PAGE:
More than 50 people came to hear Sarah Brown Wessling, the 2010 national teacher of the year, and Birdette Hughey, Mississippi's 2011 teacher of the year, speak recently at the University of Mississippi about the importance of education to a strong democracy, and also to call on students to consider the teaching profession.
Wessling's presentation, "Teaching in the Spaces: Learning, Teaching, Leading," covered the need to find unique ways to teach 21st-century students and was sponsored by the UM School of Education.
"We must learn to bring poetry to the profession, because our learners are worth being listened to," said Wessling, who as national teacher of the year is on sabbatical through the end of the 2010-11 school year while she travels to work with teachers and their students.
Wessling advocates a "learning-tailored environment" and encourages teachers not to grade homework. This allows students to learn and make mistakes without fear of failing, she said.
"Each student acquires information in a different way," she said, adding that she tries to adapt her teaching methods to students' specific needs. She incorporates everything from singing to Facebook and individualized podcasts for her students.
"Today's students are bombarded with electronic devices and technology of every type," said Wessling, who was named Iowa teacher of the year in October. "It is doubly important to find a unique way to capture their attention and keep them 'present' and involved in the learning process."
A five-year high school English teacher, Wessling's learning-tailored teaching style was recognized by President Barack Obama last spring, when she was tapped for the national award.
"Her students don't just write five-paragraph essays, but they write songs, public service announcements, film story boards, even grant proposals for their own not-for-profit organizations," Obama said at the presentation.
Over the past 10 months, Wessling has visited 34 states and three countries and has made 214 speaking engagements. During that time, she not only shared her experiences and best practices, but she also educated herself on new ideas and practices to incorporate into her own teaching, she said. Her tenure as national teacher of the year ends in May.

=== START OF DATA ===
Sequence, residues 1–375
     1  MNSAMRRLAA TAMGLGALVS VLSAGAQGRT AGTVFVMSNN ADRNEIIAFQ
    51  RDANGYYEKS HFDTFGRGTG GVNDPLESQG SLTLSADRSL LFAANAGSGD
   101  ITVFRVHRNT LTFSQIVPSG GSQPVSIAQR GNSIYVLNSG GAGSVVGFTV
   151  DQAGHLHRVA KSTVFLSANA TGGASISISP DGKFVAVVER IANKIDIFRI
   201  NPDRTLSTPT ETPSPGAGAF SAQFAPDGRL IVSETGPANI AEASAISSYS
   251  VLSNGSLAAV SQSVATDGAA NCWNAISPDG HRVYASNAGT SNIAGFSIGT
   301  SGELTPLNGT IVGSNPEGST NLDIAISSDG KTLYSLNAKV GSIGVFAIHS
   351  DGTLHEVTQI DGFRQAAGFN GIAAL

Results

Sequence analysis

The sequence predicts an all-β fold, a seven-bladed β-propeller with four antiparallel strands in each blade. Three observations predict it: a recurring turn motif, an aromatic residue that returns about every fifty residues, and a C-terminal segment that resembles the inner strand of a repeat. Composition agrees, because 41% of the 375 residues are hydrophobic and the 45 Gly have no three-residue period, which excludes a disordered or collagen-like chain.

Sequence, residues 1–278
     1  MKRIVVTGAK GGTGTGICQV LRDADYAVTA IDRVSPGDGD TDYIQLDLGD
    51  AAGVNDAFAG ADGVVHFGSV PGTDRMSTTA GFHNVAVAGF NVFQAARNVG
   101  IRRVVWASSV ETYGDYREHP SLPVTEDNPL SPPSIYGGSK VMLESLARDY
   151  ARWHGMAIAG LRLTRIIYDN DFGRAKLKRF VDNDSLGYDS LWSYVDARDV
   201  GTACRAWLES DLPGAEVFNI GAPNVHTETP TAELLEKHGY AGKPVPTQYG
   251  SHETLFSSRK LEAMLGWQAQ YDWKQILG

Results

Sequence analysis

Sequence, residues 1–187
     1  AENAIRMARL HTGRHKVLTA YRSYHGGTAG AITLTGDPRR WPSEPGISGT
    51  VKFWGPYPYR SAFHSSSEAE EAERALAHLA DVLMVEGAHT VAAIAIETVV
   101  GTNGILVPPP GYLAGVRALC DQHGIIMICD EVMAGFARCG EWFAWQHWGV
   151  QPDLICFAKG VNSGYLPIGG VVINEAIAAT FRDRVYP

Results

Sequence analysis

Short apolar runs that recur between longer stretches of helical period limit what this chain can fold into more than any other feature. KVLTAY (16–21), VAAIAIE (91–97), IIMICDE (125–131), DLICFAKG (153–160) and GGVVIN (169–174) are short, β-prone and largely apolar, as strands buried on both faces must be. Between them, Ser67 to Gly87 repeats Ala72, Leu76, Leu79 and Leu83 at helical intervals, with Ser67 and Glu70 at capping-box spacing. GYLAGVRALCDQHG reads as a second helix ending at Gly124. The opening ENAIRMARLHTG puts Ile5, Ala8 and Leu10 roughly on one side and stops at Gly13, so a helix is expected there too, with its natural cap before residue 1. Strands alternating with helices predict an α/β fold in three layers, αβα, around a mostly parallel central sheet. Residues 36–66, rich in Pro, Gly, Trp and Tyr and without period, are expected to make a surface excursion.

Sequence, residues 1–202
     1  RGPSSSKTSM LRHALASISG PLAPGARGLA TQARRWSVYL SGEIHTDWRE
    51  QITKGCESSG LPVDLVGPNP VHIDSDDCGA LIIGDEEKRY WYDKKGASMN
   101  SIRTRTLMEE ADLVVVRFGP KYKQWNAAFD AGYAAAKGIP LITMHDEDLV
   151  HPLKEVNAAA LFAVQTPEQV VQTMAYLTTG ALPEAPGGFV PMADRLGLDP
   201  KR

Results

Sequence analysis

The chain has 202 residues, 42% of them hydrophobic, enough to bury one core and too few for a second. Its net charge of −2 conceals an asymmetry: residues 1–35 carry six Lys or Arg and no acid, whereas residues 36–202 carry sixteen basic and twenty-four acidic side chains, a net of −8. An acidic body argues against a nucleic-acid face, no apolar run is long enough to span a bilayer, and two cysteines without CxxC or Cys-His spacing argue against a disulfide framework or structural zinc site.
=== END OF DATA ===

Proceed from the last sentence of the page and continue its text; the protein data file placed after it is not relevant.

A Greenwood High School algebra teacher, Hughey discussed her nontraditional route to the classroom. Hughey joined the teaching profession after participating in the Teach for America program. Before her Teach for America experience, she earned bachelor's and master's degrees in business administration from Florida Aamp&M University and worked several years for Johnson amp& Johnson.
Hughey, who has taught for two years, said her route to the classroom was "by no means traditional."
"When I left the corporate world, I was convinced that I had the heart to serve in the field of education," she said. "I wanted to be the Michael Jordan of teaching."
Hughey said she hopes she brings passion, energy and dedication to her students. Recent assessment results indicate that 86 percent of students taking her course scored at the proficient or advanced levels.
Hughey said she left the corporate world for a quality career.
"Teaching is, without a doubt, a transformational career," she said. "We not only impact students' high school lives, but their college and professional careers. It's not just about teaching Algebra I. It's about teaching our students to be second to none locally, nationally and internationally."
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UM School of Education Dean David Rock said the event was an incredible opportunity for teachers and future teachers to hear from some of the best in the field.
"Simply amazing," he said. "Students in Oxford and our DeSoto campus were completely captivated by Sarah's demonstrations, and some students stayed to see multiple presentations because Sarah was that impressive. We were blessed to have both Sarah and Birdette speak to our students and faculty, and we hope to see Birdette return to Ole Miss as the 2012 National Teacher of the Year."
Rock added it was the first time the National Teacher of the Year has visited the Ole Miss campus, and the School of Education hopes to make it an annual event for the university and the community.